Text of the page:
Book Review: How Music Works

I was having breakfast with my son this morning in the mall when I got distracted by all the noise around me. I was reading a book and I so wished there were quiet corners reserved just for those who'd appreciate a quiet meal but nope, my desire for tranquility was beleaguered by screams, loud chatters and guffaws as wells as shouts of anger of a mother to her poor daughter. I don't blame them for the cacophony. It's a public place after all.

I remembered then that I have just downloaded an app in to my iPhone, Cello Classic. I popped on my earphones and started listening to it. The problem that arose next was that I could not continue reading. I was totally mesmerized by what I heard. It was Bach's Suites for Solo Cello No.1 Prelude. It was so beautiful. I tried to go back to reading, but it was a lost cause. I closed the book and closed my eyes to just listen. I was thinking that if I were in a concert hall listening to that, the surroundings, the sound, the acoustics, the emotions would be enough to make me weep.

It was then that I remembered coming across this book that I have put in my wish list.


How Music Work by John Powell
A listener's guide to harmony, keys, broken chords, perfect pitch and the secrets of a good tune.


When I found it Amazon.com though, the subtitle that got me attracted was different: The Science and Psychology of Beautiful Sounds, from Beethovan to the Beatles and Beyond. I wanted to know what made me feel like weeping when I listened to Bach in MacDonald's.

I checked and confirmed that both books are the same one, and bought an electronic copy. It was such an interesting read that I finished it in a day, and I have never had so much fun reading a book in a long, long time.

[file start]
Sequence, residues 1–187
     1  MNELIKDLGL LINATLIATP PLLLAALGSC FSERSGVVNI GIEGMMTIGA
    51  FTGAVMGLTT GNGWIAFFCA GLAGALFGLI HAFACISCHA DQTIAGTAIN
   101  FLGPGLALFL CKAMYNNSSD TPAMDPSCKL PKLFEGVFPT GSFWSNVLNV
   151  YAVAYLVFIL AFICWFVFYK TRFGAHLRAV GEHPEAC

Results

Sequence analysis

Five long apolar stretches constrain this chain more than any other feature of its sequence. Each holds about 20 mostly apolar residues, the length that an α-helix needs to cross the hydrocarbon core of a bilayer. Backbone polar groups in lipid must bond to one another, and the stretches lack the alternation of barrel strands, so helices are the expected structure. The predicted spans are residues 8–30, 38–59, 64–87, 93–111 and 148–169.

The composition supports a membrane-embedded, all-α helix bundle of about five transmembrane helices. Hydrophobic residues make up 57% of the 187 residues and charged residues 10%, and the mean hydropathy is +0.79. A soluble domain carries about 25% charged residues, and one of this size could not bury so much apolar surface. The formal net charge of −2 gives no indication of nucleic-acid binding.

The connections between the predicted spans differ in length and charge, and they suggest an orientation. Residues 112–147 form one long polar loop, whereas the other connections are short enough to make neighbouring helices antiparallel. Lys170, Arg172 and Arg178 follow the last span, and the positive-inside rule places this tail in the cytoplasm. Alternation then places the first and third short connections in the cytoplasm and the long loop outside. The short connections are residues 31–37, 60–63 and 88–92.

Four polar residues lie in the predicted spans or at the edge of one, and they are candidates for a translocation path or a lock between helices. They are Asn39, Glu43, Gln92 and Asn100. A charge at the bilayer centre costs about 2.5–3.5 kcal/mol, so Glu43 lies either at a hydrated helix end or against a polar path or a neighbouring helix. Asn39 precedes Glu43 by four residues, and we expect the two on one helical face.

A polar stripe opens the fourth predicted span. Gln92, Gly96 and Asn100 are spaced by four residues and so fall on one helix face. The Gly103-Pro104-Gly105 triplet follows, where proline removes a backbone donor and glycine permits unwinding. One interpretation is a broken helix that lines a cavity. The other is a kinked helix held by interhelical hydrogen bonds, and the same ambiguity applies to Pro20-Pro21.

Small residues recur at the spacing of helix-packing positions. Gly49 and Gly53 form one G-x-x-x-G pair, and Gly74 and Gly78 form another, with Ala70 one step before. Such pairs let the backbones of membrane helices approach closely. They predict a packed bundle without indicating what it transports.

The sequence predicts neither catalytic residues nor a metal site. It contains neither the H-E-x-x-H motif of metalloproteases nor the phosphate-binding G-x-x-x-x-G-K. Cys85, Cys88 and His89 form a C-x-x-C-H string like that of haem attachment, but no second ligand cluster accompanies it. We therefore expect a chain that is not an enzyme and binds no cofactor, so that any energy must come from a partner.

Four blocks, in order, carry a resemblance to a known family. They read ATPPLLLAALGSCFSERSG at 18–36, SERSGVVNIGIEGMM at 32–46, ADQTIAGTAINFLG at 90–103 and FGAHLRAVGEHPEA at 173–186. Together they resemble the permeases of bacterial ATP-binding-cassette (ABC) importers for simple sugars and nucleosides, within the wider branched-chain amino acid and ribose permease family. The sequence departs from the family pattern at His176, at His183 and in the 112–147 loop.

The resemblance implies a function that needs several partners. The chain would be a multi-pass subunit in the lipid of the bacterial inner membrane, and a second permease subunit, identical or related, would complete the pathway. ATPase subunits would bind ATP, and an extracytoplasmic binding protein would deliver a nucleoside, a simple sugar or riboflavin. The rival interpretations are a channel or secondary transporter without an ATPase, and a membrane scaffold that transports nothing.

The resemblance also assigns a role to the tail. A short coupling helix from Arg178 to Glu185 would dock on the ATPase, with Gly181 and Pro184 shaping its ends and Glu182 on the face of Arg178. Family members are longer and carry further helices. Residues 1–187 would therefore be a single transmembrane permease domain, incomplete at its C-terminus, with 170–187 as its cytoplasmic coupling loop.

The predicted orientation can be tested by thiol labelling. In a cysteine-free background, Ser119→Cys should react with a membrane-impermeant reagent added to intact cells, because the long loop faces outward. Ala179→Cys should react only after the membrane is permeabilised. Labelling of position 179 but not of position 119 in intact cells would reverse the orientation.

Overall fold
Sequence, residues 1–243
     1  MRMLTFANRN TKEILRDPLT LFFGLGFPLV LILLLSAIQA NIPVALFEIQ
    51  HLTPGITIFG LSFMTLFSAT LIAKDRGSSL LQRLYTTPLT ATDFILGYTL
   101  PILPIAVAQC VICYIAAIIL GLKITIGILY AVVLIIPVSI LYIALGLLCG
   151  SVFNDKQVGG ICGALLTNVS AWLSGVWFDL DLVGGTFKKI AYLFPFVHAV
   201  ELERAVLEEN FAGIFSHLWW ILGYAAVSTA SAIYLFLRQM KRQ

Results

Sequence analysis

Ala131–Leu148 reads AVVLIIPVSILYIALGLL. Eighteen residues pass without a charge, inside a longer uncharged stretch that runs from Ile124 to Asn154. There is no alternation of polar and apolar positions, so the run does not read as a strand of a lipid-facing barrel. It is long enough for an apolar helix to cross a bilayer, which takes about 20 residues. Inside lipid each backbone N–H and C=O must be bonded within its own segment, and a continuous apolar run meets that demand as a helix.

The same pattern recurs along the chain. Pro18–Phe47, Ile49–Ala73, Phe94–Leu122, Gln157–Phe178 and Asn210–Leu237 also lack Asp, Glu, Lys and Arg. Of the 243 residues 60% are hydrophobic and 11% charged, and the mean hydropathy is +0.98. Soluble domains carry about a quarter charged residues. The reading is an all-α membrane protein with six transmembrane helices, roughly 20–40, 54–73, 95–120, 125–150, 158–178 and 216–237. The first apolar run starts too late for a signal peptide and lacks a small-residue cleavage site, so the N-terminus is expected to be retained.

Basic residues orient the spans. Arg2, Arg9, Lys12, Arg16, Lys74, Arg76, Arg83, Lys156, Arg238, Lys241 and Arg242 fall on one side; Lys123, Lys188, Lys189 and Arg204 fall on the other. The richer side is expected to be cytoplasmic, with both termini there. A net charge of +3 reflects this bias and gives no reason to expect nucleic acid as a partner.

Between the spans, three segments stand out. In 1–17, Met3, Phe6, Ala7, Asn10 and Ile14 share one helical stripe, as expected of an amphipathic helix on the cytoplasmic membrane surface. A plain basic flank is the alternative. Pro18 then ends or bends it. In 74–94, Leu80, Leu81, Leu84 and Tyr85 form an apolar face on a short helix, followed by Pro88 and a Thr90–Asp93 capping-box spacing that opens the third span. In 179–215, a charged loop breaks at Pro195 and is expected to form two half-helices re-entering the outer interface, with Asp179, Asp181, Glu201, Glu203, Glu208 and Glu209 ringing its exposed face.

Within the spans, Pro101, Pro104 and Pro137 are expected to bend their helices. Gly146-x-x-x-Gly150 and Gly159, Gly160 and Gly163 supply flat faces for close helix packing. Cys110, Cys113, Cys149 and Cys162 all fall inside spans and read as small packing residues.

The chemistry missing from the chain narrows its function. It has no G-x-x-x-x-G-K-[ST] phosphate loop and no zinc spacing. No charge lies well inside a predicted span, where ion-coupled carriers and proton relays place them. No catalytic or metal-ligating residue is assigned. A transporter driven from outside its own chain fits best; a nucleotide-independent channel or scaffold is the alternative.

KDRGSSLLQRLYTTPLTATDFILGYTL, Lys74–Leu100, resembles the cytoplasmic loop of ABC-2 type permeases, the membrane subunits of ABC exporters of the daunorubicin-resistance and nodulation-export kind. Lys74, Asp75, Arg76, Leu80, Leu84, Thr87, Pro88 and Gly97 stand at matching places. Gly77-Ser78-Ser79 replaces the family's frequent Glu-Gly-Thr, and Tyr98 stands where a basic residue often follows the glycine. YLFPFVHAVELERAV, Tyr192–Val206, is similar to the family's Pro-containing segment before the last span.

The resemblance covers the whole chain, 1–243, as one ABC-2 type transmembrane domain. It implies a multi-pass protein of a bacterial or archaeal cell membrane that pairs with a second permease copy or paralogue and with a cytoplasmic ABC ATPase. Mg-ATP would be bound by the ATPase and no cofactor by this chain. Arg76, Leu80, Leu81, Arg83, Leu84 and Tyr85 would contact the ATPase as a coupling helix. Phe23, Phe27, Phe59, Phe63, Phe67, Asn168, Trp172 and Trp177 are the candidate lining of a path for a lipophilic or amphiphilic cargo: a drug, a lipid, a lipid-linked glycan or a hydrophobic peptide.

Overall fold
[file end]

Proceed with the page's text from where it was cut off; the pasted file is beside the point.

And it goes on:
For one, the writer knows his stuff, and he writes with humour, though I feel some of it is kinda corny but found it so hilarious that he referred to Beethovan's Fifth Symphony as "the one which goes Da Da Da Daah! Da Da Da Daah!".

I followed his advice in reading the book with access to YouTube. I had my iPhone fitted with my X-Mini speaker and listened to the examples he quoted. I found some of the most amazing music ever written, even one piano piece that was named The Devil's Staircase written by Gy├Ârgy Ligeti that was quoted as an example of what he called "really anxious chords". It is not an easy piece to take in but it is definitely a piece to behold.

I am not really a musician, though I do know some basics after attempting to study the piano for several years in my younger days. The thing is I learnt quite a lot of things reading this book. I just found out you can actually play Amazing Grace by just using the black keys on a piano. Never knew that. And now I know how those 12 notes in a harmonic scale came about. And I learnt what London and the year 1939 and perfect pitch have to do with each other.

Today is a good book day.

pearlie

I, a reluctant housekeeper

My library has been "inaccessible" for awhile. What I mean by inaccessible is this: I am a reluctant-housekeeper, I simply feel that it takes too much time and that I do not have enough of. But I am not proud of it.

I do housework, major ones, on a project basis. Some time ago, I embarked on a Project Clean-Up Cluttered Bedroom. The result was a messed up library. This was because all the things I cleared from my bedroom went to the library, which was just outside my room. And I just left those things stay there, for quite awhile. I wasn't motivated to clear it.

This was followed by Project Clear-Up-the-Store. For people like me, the cluttered up folk, having a storeroom is a bad idea. Everything not required for the moment goes in there. One fine day, I gathered all the resolve I could muster and started to clear it. It took me several long days. I even ended up buying a paper shredder to dispose of documents like bank statements that I cannot simply bundle up and throw.

And finally it was Project Get-My-Library-Back-In-Place. The motivation that got me to it was a visit from a good friend. She had to fly over from Kota Kinabalu and I offered her to bunk in my place. As much as she did not mind whatever condition my pad is in, I do mind. When it comes to visitors, though rare, it matters.

So it has been for the last few days, every time I go up to my room, I can't help it but stop for a moment for savor the glorious view and take it the sweet aroma of my library. It is back in business.

pearlie